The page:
To avoid this situation entirely, the show should have just left out the beginning scene with Sioux, since the idea that he was already back was shown in episode 8. Personally, this would have made the cliffhanger felt rewarding to me as Sioux would have been out of sight for a while and also would have been unexpected and surprising, things that this episode seemed to be lacking in.
This episode was only new in terms of plot points and progression and had some new things to bring to the table, but are left up in the air as to what will actually become of them. Although, I don’t think it was terrible despite the problems I have with it. I also think the end of season production issues could be shining through a bit, as we’ve already seen the series go through a recap episode, which is a pretty sure sign of what’s happening behind the scenes. I’m not surprised that problems like this are happening, although it’s disappointing that we had many on-point episodes up until this one. However, I think it’s highly possible that this is a one-time fluke and that the show will bring back its fully glory next episode. We do have the battle against Tanya and Sioux happening next, which is something I’m extremely excited to see, even if the journey to get there was a bit rough.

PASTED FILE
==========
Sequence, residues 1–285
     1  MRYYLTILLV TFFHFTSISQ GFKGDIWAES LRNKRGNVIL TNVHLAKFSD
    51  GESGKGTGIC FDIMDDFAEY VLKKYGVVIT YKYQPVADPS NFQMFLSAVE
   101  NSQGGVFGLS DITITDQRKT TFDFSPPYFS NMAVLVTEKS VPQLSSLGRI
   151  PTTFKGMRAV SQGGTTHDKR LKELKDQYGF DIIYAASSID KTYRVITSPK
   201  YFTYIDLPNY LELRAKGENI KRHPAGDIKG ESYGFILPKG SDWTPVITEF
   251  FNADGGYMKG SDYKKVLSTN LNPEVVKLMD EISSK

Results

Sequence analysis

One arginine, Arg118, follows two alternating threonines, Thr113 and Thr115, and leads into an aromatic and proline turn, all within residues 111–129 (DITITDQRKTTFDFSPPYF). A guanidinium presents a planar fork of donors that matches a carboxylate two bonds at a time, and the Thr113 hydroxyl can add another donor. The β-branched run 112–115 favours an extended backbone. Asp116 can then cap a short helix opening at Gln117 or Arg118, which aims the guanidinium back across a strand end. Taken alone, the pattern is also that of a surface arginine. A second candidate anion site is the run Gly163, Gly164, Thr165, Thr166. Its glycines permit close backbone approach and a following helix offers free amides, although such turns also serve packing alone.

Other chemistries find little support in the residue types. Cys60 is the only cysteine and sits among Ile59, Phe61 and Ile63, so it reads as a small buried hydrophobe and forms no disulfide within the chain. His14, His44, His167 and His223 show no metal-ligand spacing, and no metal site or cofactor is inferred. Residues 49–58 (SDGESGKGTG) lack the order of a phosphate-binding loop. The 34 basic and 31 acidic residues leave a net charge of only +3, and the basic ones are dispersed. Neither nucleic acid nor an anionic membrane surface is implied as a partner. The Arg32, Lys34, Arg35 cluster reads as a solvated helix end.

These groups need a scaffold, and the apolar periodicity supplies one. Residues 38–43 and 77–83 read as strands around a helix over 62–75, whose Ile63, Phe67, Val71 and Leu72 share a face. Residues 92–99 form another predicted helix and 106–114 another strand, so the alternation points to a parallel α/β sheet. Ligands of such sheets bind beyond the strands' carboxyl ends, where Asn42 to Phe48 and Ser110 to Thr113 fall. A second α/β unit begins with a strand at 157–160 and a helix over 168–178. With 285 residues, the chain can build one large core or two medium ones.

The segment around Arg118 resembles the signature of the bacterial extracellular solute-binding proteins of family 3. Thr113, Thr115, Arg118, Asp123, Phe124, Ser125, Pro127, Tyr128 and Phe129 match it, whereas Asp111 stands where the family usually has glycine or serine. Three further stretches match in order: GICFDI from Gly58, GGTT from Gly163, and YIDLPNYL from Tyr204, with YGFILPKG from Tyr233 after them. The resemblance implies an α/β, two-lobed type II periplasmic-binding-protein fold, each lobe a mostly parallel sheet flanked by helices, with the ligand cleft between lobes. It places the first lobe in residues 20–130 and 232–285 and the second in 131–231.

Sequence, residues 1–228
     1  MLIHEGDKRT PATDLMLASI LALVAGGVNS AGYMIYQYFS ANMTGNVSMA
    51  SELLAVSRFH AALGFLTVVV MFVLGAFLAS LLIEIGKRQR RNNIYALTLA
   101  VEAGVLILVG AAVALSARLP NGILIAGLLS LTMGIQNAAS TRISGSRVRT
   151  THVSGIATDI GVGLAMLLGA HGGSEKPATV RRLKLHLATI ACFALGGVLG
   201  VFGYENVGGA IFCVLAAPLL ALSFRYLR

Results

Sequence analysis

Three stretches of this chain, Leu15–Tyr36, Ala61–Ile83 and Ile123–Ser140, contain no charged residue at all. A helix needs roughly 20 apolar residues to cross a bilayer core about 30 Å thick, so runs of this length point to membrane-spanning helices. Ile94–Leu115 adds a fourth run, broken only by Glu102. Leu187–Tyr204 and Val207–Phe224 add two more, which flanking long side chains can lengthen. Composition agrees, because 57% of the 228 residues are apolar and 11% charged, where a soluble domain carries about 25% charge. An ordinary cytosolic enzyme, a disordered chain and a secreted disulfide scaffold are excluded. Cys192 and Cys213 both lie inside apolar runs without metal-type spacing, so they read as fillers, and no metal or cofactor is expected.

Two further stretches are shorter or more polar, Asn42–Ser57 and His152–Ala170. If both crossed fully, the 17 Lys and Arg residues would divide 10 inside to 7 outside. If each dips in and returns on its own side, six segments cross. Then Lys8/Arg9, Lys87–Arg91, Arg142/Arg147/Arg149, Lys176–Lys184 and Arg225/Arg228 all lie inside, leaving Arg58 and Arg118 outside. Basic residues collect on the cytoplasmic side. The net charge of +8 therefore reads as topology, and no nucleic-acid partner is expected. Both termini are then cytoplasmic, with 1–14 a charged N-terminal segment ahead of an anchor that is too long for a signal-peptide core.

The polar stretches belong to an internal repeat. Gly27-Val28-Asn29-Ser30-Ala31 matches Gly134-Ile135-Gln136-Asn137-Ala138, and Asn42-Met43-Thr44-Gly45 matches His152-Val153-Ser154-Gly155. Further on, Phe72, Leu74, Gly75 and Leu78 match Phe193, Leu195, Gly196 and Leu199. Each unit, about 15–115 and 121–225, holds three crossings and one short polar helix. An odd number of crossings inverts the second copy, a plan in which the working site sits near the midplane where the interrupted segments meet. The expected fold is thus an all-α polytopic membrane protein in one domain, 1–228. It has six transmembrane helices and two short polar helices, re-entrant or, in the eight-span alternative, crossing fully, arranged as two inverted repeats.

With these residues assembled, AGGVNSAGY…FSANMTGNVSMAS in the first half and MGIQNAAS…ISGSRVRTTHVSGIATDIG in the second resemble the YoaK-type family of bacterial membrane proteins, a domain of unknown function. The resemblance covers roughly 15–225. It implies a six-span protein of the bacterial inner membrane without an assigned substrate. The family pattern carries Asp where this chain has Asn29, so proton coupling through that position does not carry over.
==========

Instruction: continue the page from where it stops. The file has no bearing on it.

I’m sure this battle will consist of more moral conflicts and ideological shifting on both of their behalves.